Last week, having performed chamber music by Beethoven and Schubert with Philharmonic players and then conducted the orchestra in the U.S. premieres of his effervescent new Violin Concerto and enchanted excerpts from his second opera, "The Tempest," Adès took to the piano again. He performed an enthralling program of Stravinsky's violin and piano music with Anthony Marwood (the soloist in the Violin Concerto) at the Doheny Mansion for the Da Camera Society of Mount St. Mary's College.

And Tuesday, he oversaw his Green Umbrella outing with the Philharmonic's New Music Group as composer, curator, conductor and pianist. He led one of his earliest pieces, the Chamber Symphony, written in 1991 and an odd, nose-thumbing (but not completely) homage to Schoenberg. He played in his recent neoclassical (but not entirely) Piano Quintet. He programmed Hungarian composer György Kurtág's poignant but ferociously penetrating song cycle, "Scenes From a Novel." And he conducted the first U.S. performances of Italian modernist Niccolò Castiglioni's hauntingly offbeat "Cantus Planus" along with his own fantastical, darkly sensual "The Origin of the Harp," for three clarinetists, three violists, three cellists and two percussionists.It was quite a night, full of ghosts having a heck of a party. I don't know if Stravinsky looked on. He might still have been hung over after the party given by Adès and Marwood with the violin/piano arrangements, which concluded with the "Danse Russe" from "Petrushka" as animated as I've ever heard it.But Schoenberg might have gotten a chuckle out of the way the then 20-year-old Adès brightly warmed up his Chamber Symphony, Opus 2, with a jazz drum solo before heading into darker territory. After that piece, Adès began a decade of manic deconstruction, his music finding its own highly distinctive character by pulling apart music from many different styles and centuries, always surprising but always making sense.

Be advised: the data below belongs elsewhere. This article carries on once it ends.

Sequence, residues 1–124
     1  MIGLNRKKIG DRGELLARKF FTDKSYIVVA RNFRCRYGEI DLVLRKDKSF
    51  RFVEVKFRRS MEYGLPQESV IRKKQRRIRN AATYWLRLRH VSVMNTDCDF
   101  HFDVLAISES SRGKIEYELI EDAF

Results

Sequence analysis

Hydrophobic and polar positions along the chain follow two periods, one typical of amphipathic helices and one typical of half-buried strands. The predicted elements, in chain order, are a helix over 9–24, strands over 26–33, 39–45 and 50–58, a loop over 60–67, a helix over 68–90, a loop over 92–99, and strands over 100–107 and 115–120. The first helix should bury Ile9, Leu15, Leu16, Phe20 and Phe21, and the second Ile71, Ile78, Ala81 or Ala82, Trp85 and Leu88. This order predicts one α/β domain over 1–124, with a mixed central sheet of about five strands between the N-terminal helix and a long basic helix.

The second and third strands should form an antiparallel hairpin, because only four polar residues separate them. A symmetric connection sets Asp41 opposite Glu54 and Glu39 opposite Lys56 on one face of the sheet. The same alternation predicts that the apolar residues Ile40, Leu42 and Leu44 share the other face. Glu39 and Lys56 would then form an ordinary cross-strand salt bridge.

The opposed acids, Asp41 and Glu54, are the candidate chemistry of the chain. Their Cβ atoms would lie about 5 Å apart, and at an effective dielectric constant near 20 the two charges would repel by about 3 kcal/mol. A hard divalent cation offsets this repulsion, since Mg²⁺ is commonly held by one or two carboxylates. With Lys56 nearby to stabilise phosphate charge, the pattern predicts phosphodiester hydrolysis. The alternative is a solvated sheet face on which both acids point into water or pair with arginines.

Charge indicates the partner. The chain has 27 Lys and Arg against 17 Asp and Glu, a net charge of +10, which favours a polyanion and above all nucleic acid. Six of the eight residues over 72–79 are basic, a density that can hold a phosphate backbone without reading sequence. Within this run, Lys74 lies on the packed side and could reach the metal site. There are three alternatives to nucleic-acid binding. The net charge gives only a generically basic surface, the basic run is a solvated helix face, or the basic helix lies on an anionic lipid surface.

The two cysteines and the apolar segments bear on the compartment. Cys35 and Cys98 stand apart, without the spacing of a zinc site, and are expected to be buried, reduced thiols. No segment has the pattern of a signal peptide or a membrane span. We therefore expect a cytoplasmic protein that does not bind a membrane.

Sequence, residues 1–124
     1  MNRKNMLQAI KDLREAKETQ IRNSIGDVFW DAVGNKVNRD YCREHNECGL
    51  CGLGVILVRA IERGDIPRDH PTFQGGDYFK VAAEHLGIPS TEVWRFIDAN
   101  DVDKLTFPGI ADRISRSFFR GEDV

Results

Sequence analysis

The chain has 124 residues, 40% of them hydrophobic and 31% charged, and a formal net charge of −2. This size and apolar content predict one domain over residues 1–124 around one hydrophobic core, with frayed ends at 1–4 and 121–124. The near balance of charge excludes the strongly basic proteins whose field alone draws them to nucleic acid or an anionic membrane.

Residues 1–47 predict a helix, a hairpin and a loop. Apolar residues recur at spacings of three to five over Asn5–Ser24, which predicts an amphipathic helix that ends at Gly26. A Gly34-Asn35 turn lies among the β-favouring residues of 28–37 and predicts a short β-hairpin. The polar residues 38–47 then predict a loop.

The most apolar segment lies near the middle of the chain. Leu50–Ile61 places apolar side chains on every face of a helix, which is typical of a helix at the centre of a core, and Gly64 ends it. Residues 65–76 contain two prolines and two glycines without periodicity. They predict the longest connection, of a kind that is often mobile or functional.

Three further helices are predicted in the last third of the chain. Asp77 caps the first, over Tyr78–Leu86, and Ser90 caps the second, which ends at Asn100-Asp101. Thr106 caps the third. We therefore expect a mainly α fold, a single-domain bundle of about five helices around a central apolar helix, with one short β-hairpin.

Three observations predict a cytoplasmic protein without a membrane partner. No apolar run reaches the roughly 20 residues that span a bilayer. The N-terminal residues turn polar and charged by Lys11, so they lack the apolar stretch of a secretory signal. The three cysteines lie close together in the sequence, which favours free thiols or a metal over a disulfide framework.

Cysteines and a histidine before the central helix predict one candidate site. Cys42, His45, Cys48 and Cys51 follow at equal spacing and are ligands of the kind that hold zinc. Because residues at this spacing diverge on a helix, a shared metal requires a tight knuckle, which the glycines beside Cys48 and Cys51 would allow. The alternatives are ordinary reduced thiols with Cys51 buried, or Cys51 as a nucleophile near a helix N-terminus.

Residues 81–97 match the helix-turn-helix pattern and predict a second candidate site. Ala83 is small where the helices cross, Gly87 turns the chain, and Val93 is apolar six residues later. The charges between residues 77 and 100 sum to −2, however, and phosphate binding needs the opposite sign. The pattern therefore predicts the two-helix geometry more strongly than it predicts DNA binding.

Lately, Adès has evinced a neoclassical bent. The 2001 Piano Quintet is a rapturous 20-minute work in Schubertian sonata form that keeps going deliriously astray.No one can say quite what Kurtág's style is. He seems to have absorbed and then condensed into something all his own much of the 20th century. Accompanied by violin, bass and cimbalom, the soprano Elizabeth Keusch (a last-minute replacement for Valdine Anderson, sidelined by the flu) conveyed Kurtág's quirky extravagances as well as the pain and sorrow of 15 short songs to existential Russian texts by Rimma Dalos. Because she was called in suddenly, Keusch could prepare only the first half of Castiglioni's "Cantus Planus," a series of tiny 12-tone songs to peculiar 17th century religious texts.Composed for two sopranos who play cat and mouse with each other in their highest registers, the vocal writing is even more outrageous than Kurtág's. Cynthia Sieden was the other soprano, and the performance was ingratiatingly flamboyant. Castiglioni was among Adès' teachers (as well as Esa-Pekka Salonen's), and from him Adès clearly learned to go beyond style, to go where no one else does.In the last two weeks, Adès has won an enthusiastic following in Los Angeles. The Philharmonic has asked him back next season. A long-range relationship appears to be developing. The word from Tom has been worth the wait.